With Tisha B’Av this evening and thoughts of the destruction of both Ba’Tei Ha’Mikdash, I somehow always think about the minhag of not playing music at Yerushalmi weddings.  I had always assumed that this was a long standing minhag dating back directly to the time of the destruction. 
But as I did my research for this article I found out that this was not necessarily the case. It seems that Harav Meir Aeurbach zt”l decreed that no music be played at Yerushalmi weddings about 140 years ago, either due to an epidemic that broke out at that time or, as I had assumed, a sign of mourning for the destruction of the Ba’Tei Ha’Mikdash. 
I learned that this is a ‘strictly’ Ashkenazi minhag and that in most accounts, drums are allowed to be played at weddings, as drums are not halachikly considered musical instruments. Therefore weddings could be celebrated with the accompaniment of people singing and of the beating of drums.
It is interesting that playing music was prohibited immediately after the destruction; but that as music was and is recognized as a vital element to a Jewish wedding and to the very heart of the mitzvah of Mi’sameach Chatan V’Kallah as time went on, music re-entered Jewish wedding ceremonies.  It appears that as the centuries passed, music was played at Jewish weddings outside of Israel, then this practise travelled “back” to Israel, first to cities outside of Jerusalem and then to The City itself.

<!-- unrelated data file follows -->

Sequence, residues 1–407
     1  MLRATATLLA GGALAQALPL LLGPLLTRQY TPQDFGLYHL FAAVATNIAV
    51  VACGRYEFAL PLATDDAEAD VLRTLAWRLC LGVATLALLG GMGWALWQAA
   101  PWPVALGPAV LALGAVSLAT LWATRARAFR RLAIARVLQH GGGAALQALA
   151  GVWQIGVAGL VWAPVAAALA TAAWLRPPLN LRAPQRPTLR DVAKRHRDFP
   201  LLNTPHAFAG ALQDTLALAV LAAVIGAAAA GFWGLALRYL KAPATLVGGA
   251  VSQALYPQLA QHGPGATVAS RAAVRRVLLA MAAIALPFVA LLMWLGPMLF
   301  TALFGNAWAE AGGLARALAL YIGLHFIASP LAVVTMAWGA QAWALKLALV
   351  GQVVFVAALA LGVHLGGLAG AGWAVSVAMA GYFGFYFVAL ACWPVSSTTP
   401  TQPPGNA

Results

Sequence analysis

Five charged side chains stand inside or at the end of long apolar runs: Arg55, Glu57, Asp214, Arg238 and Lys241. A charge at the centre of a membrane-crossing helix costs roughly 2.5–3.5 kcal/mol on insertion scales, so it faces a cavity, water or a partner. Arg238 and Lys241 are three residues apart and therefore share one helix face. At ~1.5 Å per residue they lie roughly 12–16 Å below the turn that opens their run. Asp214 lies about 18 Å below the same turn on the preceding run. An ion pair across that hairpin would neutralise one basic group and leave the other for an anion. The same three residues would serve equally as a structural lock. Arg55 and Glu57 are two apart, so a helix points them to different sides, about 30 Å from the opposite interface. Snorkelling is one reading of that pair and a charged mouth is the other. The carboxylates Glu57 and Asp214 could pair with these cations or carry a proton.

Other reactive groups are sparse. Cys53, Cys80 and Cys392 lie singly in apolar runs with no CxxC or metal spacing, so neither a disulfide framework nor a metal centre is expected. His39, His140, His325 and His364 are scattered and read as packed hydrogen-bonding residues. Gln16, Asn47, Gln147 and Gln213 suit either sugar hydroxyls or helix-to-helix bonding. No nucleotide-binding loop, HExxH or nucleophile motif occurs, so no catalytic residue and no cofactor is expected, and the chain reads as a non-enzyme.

Throughout the centuries music at Yerushalmi weddings was alternatingly permitted and then prohibited by our Rabbis for a variety of reasons, one of which of course was the destruction of the Ba’Tei Ha’Mikdash.  From what is understood, around the time of Ha’Rav Aeurbach’s proclamation, there was an outbreak of a terrible plague in Jerusalem that decimated thousands and this prohibition came in response to this tragedy.
I have also heard of and attended weddings where music is played throughout the weddings except during the procession to the chuppah and the chuppah itself.  At this time, the bride and groom are accompanied down to the chuppah by the singing of the guests.  I have to say that many times this is a much more poignant and personal scene, as everyone truly takes part in the mitzvah of Misameach Chatan V’Kallah.
May we all be Zoche to see the Beit Hamikdash rebuilt in our times.

Erev Tisha B’Av 2012
A photo showing just a very small corner of the Kotel where thousands upon thousands are praying and reading Eicha and Kinot.

The seventh of the Sheva Brachot:
ברוך אתה ה' אלקינו מלך העולם, אשר ברא ששון ושמחה, חתן וכלה, גילה רינה, דיצה וחדווה, אהבה ואחווה, ושלום ורעות, מהרה ה' אלקינו ישמע בערי יהודה ובחוצות ירושלים, קול ששון וקול שמחה, קול חתן וקול כלה, קול מצהלות חתנים מחופתם, ונערים ממשתה נגינתם. ברוך אתה ה', משמח חתן עם הכלה.

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